MEXICO CITY — After viewing the evidence on Saturday evening, the stewards decided there was little doubt Max Verstappen had contravened yellow flag rules on his pole position lap at the Mexican Grand Prix. Based on telemetry, video and audio evidence — as well as testimony from Verstappen himself — they stated he had been given enough notice of the yellow flags for Valtteri Bottas’ crashed Mercedes and carried on at full speed in the final corner regardless.
There were suggestions from Red Bull that the yellow flag warnings may not have appeared in Verstappen’s cockpit as normal, but when asked immediately after the session if he was aware of the flags and the accident, Verstappen said: “I was aware that Valtteri crashed.”
Then asked whether he had attempted to slow, he added: “It didn’t really look like it, did it? No.”
The rules on yellow flags are clear. Not only are they written in the FIA sporting code, they are also distributed to teams and drivers ahead of every grand prix weekend by race director Michael Masi.
The say: “Drivers should reduce their speed and be prepared to change direction. It must be clear that a driver has reduced speed and, in order for this to be clear, a driver would be expected to have braked earlier and/or discernibly reduced speed in the relevant marshalling sector.”
The penalty, a three-place drop down the grid, was a slam-dunk.
But Verstappen wasn’t the only driver to pass Bottas’ crashed Mercedes on their flying lap. Lewis Hamilton was directly behind Bottas on track and was the first driver to come across the incident. On-board footage suggested he did not lift as he went by his teammate, but in his defence the yellow flag was not being shown at that time.
In Verstappen’s penalty it was noted that the yellow flags were “clearly visible” and “shown with enough notice” — that was not the case with Hamilton.
What’s more, Hamilton was also more careful in explaining how he reacted to the incident.
“Valtteri was just ahead, I came round corner and saw bits on ground — there was no flag at the time and I was quite hesitant as clearly something had happened ahead,” he said. “I hesitated getting back on the power and by the time I realised there was a crash I was basically past it.”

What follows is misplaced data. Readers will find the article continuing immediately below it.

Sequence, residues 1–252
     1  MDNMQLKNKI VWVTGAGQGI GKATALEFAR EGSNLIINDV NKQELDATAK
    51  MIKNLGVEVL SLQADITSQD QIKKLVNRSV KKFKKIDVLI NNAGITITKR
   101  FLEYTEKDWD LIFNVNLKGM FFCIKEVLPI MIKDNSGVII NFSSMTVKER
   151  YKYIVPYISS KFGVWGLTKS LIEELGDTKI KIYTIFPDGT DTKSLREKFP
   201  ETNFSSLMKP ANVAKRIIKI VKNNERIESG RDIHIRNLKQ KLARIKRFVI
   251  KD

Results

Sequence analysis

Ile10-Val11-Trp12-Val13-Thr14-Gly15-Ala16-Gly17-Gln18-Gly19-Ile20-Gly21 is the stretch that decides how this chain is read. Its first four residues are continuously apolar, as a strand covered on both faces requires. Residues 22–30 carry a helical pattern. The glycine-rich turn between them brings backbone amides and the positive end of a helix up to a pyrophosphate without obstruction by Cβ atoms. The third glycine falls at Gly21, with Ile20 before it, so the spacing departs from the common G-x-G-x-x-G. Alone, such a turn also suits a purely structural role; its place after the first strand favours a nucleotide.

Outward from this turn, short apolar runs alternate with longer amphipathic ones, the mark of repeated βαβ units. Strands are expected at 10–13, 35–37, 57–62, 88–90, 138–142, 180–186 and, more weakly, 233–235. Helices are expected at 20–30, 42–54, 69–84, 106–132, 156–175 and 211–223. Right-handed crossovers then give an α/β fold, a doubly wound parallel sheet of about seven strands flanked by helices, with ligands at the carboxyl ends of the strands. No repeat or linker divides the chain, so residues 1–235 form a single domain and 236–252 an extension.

The difference in response between the two drivers, who both kept their foot in, perhaps shows the gulf in experience between the two. Or perhaps it simply shows the difference in temperament between the two drivers when the visor came down.
Vettel was next through, but clearly did lift off the throttle — arguably ruining his chance at pole.
“It was clear it was a double yellow, people were on the track, it was clear you have to lift,” the Ferrari driver said.
On pure pace, Verstappen deserved the pole position in Mexico. As he pointed out in the same press conference after qualifying, his final lap could have been deleted and he still would have taken pole based on his first attempt.
But equally, the penalty absolutely fitted the crime. There may well have been some extenuating circumstances regarding the signalling of the yellow flag in his cockpit, but it was his attitude afterwards that indicated he fully understood what happened to Bottas and the risks involved and stayed flat-out regardless.
Asked about the potential safety risk of not backing off for yellow flags when a car is clearly wrecked at the side of the track, he added: “Do we have to go there? To safety?
“I think we know what we are doing — otherwise we would not be driving an F1 car. It’s qualifying and, yeah, you go for it. But like I said before, if they want to delete the lap, then delete the lap.”
Had Bottas been injured, marshals and a medical crew would have needed to arrive on the scene as quickly as possible, but as soon as drivers start disregarding yellow flags it becomes an incredibly dangerous environment for them to do so. Let the Verstappen penalty slide, and every driver would stay flat through yellow flags the next time they come out in qualifying, knowing at the back of their mind there would not be any consequences for their actions.
“I think it’s really, really important the FIA are very strict with the double yellow flags,” Hamilton said after the session. “There could be marshals on the track and I’ve seen experiences in the past, Monaco, for example, I’ve seen GP2 drivers take out a marshal who was volunteering to make sure drivers are safe on the track. We can’t have people just being careless and not abiding by the rules….
“He actually didn’t even need to stay flat out, he already had pole. I think the FIA need to be very very strict on that. Luckily there was no marshal on the track, but for all he knew, Valtteri could have been in the middle of the circuit and marshals could have been there.
“That’s what double yellow means — it could be massive incident ahead. The fact that he ignored it, I mean it’s not great, but it’s done and hopefully the right calls are made and put in place. The drivers need to know to respect those things.”